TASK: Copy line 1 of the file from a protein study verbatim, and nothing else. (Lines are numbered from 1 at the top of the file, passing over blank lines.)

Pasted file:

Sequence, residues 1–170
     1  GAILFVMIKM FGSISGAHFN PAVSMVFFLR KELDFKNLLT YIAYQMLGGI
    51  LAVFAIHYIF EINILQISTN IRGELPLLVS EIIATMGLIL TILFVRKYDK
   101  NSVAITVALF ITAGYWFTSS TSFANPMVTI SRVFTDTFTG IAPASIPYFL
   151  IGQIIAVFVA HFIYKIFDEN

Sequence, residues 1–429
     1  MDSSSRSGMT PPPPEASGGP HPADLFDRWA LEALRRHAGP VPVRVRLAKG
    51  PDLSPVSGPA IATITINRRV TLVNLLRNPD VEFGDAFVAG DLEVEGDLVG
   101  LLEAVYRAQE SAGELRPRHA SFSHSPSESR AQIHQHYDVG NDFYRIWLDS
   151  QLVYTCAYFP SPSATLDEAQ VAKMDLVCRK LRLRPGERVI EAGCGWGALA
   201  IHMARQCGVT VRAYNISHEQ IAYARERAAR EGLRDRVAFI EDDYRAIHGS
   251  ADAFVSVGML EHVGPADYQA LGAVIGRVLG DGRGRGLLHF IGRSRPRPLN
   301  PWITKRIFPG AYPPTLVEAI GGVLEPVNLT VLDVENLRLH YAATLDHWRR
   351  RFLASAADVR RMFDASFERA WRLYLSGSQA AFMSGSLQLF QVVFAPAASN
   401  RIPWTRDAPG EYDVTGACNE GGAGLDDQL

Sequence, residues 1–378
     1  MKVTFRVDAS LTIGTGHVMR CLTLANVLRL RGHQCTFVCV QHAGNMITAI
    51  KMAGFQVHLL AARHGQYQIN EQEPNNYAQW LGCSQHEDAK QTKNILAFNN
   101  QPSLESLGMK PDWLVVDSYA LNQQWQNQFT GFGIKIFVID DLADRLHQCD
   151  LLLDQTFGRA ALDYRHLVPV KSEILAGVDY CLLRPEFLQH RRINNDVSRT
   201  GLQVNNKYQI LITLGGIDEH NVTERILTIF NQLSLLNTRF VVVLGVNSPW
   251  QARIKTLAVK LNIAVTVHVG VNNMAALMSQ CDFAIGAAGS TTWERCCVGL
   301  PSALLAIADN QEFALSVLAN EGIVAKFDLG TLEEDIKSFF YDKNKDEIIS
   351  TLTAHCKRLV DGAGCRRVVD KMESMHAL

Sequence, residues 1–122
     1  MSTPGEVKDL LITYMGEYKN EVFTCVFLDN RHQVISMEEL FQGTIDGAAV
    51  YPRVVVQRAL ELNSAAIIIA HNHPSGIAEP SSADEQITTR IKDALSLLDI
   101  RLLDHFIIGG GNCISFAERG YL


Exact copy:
Sequence, residues 1–170